PASTOR, HUSBAND

What a morning… I was at the home of a member of my congregation this morning to help her with a clogged drain in the kitchen sink.  It was pretty disgusting.  Water just started coming up from the drain when she turned the water on.  It stunk and had all sorts of food particles in it.  It’s one of those two sink jobs, so when she would run the disposal, the drain in the other sink would shoot up water like the Old Faithful Geyser.  Okay, maybe it wasn’t that bad, but water was shooting up.

So, first things first, I started plunging.  That did nothing but take the water from one sink, and send it to the other sink.  So then I tried what I will now call the “double plunge” in which I took two plungers and tried to plunge both drains at the same time.  Still nothing, but maybe a chuckle from the woman watching me.  Then I decided to plunge one sink to empty out the other sink, then use the other plunger as a cap in the empty sink (since when I tried it with the actual cap, the cap just blew off).  I thought I had an angel working with me as the plunger in the empty sink started to plunge all on its own as I plunged the drain in the sink full of water…nope, it was the law of plunging physics in action as when I plunged it one hard time, the other plunger shot out of the sink (I’m pretty sure an angel would have been able to hold the plunger).

I then decided to keep the one sink dry by plunging the other sink full, and then dumped Drano kitchen crystals in what I thought was the “empty drain”.  After following the directions and releasing the plunger, all that I just dumped in the drain came up and I was back to square one with two sinks half full of nasty old kitchen water.

At this time, I decided to head under the sink to begin to take apart pipes.  This would probably be a good time to mention that I know absolutely nothing about plumbing (as if you haven’t guessed that already).  I undo the pipes and the sinks drain out their water and various food particles.  I figured I’d have a clog full of nasty that I would have to clean out…but nope, nothing.  The pipe was empty, not terribly clean, but empty enough to know that water could flow through it.  So I connect it all together again, run the water and after a couple of seconds it starts to back up again.  Needless to say, I’m pretty irritated an hour and a half into this job, but I’m pretty sure I have a good understanding of what needs to be done.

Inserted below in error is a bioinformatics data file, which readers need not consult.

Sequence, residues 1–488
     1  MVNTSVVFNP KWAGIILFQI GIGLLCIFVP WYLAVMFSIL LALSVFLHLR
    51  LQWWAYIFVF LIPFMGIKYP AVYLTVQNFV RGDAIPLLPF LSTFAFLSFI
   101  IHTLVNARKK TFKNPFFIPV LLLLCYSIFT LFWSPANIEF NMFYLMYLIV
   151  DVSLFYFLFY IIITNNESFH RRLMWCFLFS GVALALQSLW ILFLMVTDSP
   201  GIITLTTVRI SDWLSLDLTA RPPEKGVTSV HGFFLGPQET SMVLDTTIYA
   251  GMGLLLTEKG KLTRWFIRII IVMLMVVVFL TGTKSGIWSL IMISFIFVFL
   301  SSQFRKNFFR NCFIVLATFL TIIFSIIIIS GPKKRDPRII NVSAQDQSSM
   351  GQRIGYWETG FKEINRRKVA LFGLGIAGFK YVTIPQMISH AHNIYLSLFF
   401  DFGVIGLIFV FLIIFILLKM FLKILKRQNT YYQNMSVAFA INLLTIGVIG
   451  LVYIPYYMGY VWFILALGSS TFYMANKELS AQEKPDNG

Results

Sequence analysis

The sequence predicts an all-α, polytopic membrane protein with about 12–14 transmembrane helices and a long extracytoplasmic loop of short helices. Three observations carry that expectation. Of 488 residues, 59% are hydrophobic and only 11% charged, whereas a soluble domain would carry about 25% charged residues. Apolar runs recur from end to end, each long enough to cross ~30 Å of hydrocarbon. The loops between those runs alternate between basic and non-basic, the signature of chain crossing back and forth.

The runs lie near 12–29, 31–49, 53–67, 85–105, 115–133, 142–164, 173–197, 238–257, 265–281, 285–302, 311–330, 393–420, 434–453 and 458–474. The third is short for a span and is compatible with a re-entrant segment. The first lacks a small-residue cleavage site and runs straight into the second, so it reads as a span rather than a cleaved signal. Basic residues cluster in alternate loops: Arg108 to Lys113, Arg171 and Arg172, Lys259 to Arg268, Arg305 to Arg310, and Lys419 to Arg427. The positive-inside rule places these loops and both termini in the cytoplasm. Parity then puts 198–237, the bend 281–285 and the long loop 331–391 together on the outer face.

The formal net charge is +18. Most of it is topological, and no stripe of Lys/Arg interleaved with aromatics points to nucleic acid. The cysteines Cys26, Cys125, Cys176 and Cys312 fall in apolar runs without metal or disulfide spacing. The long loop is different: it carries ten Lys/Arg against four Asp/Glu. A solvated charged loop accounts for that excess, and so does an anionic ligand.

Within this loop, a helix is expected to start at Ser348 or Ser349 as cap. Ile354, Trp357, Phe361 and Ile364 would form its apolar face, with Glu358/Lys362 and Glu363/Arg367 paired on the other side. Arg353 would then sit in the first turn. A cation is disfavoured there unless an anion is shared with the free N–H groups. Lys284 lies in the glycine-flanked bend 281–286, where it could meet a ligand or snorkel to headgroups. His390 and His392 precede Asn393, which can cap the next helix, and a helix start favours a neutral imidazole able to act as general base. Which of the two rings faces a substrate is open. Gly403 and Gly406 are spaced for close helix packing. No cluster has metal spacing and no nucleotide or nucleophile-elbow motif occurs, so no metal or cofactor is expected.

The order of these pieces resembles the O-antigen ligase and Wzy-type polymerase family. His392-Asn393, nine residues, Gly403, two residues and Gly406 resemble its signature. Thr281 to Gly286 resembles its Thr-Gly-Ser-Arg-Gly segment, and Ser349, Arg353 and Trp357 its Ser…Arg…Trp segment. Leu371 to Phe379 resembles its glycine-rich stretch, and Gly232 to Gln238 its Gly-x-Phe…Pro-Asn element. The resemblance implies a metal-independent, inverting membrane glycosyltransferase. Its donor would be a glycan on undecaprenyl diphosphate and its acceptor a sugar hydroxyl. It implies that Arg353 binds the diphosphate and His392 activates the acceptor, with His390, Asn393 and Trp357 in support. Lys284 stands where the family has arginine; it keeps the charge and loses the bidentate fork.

I drain out the sinks again by disconnecting the pipes, put them all back together and use the handy Drano crystals again, this time in what I know is an empty drain.  After two doses and one quick plunge, it was all good and the lady had her sink back.

What did I learn from all this?  Well, while I was doing all this, I was really thinking, “I should be doing ‘real’ ministry right now.  You know, sitting at my desk doing prep work for any of my upcoming teachings or sermons; maybe heading to a nursing home and visiting with some folks there; possibly walking down the street and sharing my faith; how about heading over to the local food pantry to see if I could be of assistance there, etc., etc., etc.” (That was a short list, by the way, of things that pastors do  who are in full-time ministry in case you ever wondered.)  I was then reminded of a message I heard from a guy named Josh McDowell at a youth pastor’s conference I attended about 8 years ago.

In the middle of the message he said, “Your family should never come before your ministry.”  I’m surprised no one fainted or died from the lack of oxygen from the one large collected gasp of the roughly 5,000 people in the auditorium.  Why the response?  Every pastor knows the order of priority in his/her life is God, then family and then ministry.  We all thought we were seeing the end of Josh McDowell and his ministry.  Then he said, “Your family should be your number one ministry.”  ‘Nuff said…point made!

Wait! What?!?! How did you learn that lesson?

Oops, my bad…forgot to tell you, the congregation member at the beginning of the story is my wife.

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HUSBAND

Stevie and I have been married for over 11 years now…and it really has been great.  Those 11 years didn’t just happen as many of you “marriage veterans” know.  There are a lot of little things that went into the building of this marriage: love, prayer, comfort, encouragement, deep discussions, sex, arguing, crazy situations that just make you laugh…that’s the one I want to talk about today.

The musician Seal came out with a song some time ago called “Crazy”.  I read the lyrics and being that I’m not very poetic, they didn’t make much sense to me outside of the line, “We’re never going to survive unless we are a little crazy”.  I think there’s some truth to that line when it comes to marriage.  I think marriages need some “craziness” to survive.  And by “crazy”, I mean things spouses do to stretch each other and “spice up” the marriage.